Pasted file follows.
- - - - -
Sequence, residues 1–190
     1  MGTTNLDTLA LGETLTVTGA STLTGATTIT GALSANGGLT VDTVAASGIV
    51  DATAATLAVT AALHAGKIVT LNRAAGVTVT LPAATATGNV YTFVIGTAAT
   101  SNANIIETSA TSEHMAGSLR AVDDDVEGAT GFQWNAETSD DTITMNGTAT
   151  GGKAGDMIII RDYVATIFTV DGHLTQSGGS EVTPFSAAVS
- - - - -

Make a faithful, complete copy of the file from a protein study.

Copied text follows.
Sequence, residues 1–190
     1  MGTTNLDTLA LGETLTVTGA STLTGATTIT GALSANGGLT VDTVAASGIV
    51  DATAATLAVT AALHAGKIVT LNRAAGVTVT LPAATATGNV YTFVIGTAAT
   101  SNANIIETSA TSEHMAGSLR AVDDDVEGAT GFQWNAETSD DTITMNGTAT
   151  GGKAGDMIII RDYVATIFTV DGHLTQSGGS EVTPFSAAVS